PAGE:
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- Acute glomerulonephritis (GN) is an inflammatory process involving the glomerulus of the kidney, resulting in a clinical syndrome consisting of hematuria, proteinuria, and renal insufficiency, often in association with hypertension and edema.
- Acute GN may be caused by primary glomerular disease or secondary to systemic disease.
- Infection-related GN (also postinfectious GN)
- IgA nephropathy/Henoch-Schönlein purpura (HSP)
- Antiglomerular basement membrane disease (anti-GBM disease)
- Antineutrophil cytoplasmic antibody (ANCA)-associated GN
- Membranoproliferative GN (MPGN)
- Lupus nephritis
- Cryoglobulin-associated GN
- Clinical severity ranges from asymptomatic microscopic or gross hematuria to a rapid loss of kidney function over days to weeks, termed rapidly progressive GN (RPGN).
- In patients with RPGN, kidney biopsy often demonstrates crescentic GN, which usually warrants urgent and aggressive treatment.
Urgent investigation and treatment are required to avoid irreversible loss of kidney function.
- Infection-related GN
- Most commonly manifests after resolution of group A β-hemolytic Streptococcus infection (poststreptococcal)
- Can also occur as a result of other bacterial infections, such as infective endocarditis or shunt nephritis, or less commonly with viral or parasitic infections
- Accounts for 80% of acute GN in children
- IgA nephropathy
- Most common primary GN in the world
- Most common in the 2nd and 3rd decades but can occur at any age
- Incidence differs geographically: Asia > United States
- Populations of East Asian ancestry are at increased risk for IgA nephropathy, and some genetic factors have been identified.
- HSP, the form with extrarenal manifestations, can occur at any age but typically occurs in children <10 years old.
- Anti-GBM disease
- Can cause Goodpasture disease, a notable cause of the pulmonary–renal syndrome
- Peak distribution in 3rd and 6th decades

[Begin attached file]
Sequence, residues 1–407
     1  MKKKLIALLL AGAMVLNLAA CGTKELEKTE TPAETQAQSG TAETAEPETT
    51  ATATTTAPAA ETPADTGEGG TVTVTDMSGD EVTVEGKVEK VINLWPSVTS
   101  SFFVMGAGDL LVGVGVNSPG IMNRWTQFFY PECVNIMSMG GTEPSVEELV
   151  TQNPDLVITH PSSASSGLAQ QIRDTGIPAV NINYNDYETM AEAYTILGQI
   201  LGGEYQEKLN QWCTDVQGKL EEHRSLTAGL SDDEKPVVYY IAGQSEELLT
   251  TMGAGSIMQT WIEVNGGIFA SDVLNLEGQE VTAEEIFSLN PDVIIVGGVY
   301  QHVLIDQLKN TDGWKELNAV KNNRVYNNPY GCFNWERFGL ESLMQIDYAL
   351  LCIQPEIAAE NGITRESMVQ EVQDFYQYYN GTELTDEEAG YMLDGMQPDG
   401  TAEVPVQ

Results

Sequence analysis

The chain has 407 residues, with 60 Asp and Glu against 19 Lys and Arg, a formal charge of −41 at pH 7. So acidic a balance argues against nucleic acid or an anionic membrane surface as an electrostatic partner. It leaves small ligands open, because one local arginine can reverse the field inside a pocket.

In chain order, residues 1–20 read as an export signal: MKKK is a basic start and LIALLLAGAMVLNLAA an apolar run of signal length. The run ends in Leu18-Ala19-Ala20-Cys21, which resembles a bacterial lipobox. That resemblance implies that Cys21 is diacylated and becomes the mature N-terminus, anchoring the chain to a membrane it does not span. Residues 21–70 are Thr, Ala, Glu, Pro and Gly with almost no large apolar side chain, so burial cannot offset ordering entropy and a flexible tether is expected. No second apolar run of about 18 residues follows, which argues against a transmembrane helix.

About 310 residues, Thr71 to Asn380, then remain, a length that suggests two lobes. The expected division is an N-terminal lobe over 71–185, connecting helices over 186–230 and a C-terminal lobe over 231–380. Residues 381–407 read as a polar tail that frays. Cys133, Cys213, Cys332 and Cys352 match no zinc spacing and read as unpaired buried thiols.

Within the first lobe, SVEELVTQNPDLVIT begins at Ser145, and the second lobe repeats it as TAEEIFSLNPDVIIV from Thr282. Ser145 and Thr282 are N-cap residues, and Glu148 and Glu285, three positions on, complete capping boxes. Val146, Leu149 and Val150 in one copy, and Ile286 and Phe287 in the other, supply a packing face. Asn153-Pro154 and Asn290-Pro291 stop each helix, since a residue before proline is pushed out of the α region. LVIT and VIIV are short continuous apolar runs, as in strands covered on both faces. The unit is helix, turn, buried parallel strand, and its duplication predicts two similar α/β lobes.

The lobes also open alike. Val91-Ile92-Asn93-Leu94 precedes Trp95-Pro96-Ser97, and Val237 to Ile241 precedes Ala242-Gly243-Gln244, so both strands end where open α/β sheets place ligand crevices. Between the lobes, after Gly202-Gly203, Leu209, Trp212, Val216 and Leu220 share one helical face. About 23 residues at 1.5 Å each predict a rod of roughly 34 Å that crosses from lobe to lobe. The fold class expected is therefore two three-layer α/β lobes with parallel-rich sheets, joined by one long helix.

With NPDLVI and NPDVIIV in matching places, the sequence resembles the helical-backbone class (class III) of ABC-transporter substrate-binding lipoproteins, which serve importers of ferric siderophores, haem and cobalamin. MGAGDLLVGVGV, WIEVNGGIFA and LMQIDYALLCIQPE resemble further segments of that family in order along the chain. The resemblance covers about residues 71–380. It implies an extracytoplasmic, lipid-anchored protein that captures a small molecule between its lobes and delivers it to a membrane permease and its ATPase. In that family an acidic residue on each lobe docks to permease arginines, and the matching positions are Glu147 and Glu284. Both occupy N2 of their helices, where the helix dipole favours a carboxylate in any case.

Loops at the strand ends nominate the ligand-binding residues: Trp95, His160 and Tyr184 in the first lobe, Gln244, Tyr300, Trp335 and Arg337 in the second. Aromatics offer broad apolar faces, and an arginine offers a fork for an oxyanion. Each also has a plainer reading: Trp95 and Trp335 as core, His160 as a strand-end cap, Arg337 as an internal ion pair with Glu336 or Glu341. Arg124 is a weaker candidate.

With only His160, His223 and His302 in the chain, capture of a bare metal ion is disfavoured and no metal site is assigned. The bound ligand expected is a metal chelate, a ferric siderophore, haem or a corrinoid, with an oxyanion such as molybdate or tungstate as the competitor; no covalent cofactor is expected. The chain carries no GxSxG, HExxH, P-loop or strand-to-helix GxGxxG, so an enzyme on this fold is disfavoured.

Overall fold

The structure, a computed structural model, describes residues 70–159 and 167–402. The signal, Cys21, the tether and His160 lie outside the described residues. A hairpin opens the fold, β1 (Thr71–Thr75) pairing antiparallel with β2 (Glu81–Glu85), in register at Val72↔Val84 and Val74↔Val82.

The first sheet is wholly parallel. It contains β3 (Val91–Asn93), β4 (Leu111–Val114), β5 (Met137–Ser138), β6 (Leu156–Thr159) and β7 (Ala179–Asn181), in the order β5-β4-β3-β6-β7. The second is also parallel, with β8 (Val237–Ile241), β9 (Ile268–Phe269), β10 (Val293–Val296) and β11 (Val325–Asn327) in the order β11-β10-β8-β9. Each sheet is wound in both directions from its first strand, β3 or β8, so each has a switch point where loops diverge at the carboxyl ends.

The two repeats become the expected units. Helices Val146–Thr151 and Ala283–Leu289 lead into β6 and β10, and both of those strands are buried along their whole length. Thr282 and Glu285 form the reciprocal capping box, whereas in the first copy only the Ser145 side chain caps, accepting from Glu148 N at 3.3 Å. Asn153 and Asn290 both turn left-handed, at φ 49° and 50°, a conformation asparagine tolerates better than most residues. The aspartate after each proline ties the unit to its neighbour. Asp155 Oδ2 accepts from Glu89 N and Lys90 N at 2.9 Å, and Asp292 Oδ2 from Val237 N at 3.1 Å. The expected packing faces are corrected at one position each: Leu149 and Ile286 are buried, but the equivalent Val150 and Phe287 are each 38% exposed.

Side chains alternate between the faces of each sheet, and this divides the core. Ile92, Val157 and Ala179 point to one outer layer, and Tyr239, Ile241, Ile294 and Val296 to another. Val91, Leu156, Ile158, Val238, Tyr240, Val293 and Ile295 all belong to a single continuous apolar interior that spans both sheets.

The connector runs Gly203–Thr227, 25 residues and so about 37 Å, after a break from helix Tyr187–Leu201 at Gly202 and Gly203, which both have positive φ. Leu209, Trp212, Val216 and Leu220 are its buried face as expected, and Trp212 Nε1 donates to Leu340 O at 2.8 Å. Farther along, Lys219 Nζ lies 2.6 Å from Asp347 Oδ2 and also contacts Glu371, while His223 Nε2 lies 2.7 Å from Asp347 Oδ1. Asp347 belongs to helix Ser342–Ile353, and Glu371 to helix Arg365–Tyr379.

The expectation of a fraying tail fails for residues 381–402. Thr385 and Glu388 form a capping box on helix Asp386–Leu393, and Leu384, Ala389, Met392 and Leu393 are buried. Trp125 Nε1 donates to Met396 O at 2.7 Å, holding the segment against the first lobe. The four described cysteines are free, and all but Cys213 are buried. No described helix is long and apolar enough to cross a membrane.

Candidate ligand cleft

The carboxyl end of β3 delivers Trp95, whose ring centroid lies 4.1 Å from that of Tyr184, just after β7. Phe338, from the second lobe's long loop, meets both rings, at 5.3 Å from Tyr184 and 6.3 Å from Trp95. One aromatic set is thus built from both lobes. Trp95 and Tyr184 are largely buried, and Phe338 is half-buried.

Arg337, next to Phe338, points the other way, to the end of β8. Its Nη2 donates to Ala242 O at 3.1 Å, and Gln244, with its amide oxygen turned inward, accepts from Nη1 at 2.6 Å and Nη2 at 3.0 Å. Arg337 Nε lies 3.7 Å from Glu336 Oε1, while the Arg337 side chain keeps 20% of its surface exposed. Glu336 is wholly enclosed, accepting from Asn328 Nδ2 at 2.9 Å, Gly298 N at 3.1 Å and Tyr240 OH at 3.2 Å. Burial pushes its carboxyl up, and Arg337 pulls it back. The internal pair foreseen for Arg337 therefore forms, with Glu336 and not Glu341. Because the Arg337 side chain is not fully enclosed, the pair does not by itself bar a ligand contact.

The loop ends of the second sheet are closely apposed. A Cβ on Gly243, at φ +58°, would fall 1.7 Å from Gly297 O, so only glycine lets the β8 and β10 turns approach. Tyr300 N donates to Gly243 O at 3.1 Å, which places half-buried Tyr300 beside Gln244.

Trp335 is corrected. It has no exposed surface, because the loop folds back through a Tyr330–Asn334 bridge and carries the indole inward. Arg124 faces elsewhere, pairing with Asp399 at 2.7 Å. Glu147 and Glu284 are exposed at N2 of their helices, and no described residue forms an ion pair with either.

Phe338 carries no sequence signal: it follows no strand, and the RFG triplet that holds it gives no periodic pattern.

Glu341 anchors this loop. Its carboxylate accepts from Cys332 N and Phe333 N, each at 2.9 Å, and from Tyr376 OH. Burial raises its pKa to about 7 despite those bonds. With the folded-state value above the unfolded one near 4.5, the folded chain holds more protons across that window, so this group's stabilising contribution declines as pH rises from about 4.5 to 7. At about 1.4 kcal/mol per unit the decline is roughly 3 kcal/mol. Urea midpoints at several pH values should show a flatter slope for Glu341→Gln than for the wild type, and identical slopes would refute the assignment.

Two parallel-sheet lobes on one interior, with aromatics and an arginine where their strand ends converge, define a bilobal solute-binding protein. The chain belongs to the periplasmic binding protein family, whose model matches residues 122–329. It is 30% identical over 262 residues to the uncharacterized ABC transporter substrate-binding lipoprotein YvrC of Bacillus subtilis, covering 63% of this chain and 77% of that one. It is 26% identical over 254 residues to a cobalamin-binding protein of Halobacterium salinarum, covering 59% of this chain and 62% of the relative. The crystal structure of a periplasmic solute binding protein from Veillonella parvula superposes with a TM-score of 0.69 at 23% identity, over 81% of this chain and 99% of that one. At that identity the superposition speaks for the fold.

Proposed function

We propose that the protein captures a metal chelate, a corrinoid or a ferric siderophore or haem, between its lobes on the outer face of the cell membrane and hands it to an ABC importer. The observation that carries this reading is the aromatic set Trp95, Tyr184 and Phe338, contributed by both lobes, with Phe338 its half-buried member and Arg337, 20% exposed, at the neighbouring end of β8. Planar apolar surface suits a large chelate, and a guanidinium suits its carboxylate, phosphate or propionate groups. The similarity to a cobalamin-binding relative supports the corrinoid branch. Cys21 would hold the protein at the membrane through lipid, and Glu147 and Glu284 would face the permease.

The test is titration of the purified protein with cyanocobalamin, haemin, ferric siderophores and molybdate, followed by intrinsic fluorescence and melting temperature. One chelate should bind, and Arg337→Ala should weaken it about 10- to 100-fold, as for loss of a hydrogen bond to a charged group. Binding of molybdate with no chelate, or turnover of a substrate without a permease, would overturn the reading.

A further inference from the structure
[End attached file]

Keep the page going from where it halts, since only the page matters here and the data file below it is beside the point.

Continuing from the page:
- ANCA-associated GN
- Often has a relapsing and remitting course
- Four disease presentations:
- Granulomatosis with polyangiitis (GPA), formerly Wegener granulomatosis
- Microscopic polyangiitis (MPA)
- Isolated pauci-immune GN—when isolated to kidneys
- Eosinophilic GPA, formerly Churg-Strauss disease—GN relatively common but renal involvement rarely severe
- Older patients are more commonly affected, although this GN can affect any age group.
- May be primary (idiopathic) or secondary to systemic diseases
- Epidemiology varies depending on the mechanism of injury.
- Lupus nephritis
- 30–70% of systemic lupus patients will have renal involvement.
- Incidence of lupus nephritis is higher among African Americans in comparison to white Caucasian populations.
- Cryoglobulin-associated vasculitis
- 80% of cases with hepatitis C virus infection
- May also be associated with autoimmune disease or dysproteinemia
Etiology and Pathophysiology
- In general, systemic and/or local immune activation causes glomerular injury.
- Immune-complex mediated: from antigen–antibody formation and deposition in the kidneys
- Postinfectious GN: host immune reaction to nephritogenic streptococci strains as a trigger
- IgA nephropathy: abnormal glycosylation of IgA, leads to its mesangial deposition; etiology poorly understood
- MPGN: typically secondary to systemic diseases, such as chronic infections (hepatitis C), autoimmune diseases, monoclonal gammopathies, and complement dysregulation
- Lupus nephritis: autoimmune disease
- Cryoglobulin-associated GN: inflammation from complexes known as cryoglobulins, named for their property of precipitating as lower temperatures
- Direct antibody-mediated injury:
- Anti-GBM disease: caused by autoantibodies that target type IV collagen of basement membranes
- Pauci-immune GN
- ANCA-associated GN: autoantibodies against neutrophil granules involved in pathogenesis
- Alternative complement pathway dysregulation:
- C3 glomerulopathy: subtype of MPGN with predominant C3 without immunoglobulin staining on immunofluorescence; includes dense deposit disease (DDD) and C3GN
Genetic factors are likely to play a role in susceptibility to many of the acute GNs, although these have not been sufficiently defined to be clinically useful in most circumstances.
- Epidemics of nephritogenic strains of streptococci are triggers for postinfectious GN.
- Anti-GBM disease has been associated with prior pulmonary injury and inhalation exposures, such as hydrocarbon solvents.
- ANCA-associated GN may be drug induced (e.g., hydralazine, levamisole-contaminated cocaine) and is also associated with environmental exposures such as silica.
- Infection with hepatitis B or C is associated with MPGN.
- Infection with hepatitis C is a risk factor for developing cryoglobulinemic GN.
- Mutations in alternate complement pathway genes are associated with increased risk of developing complement-mediated MPGN.
Early detection is paramount.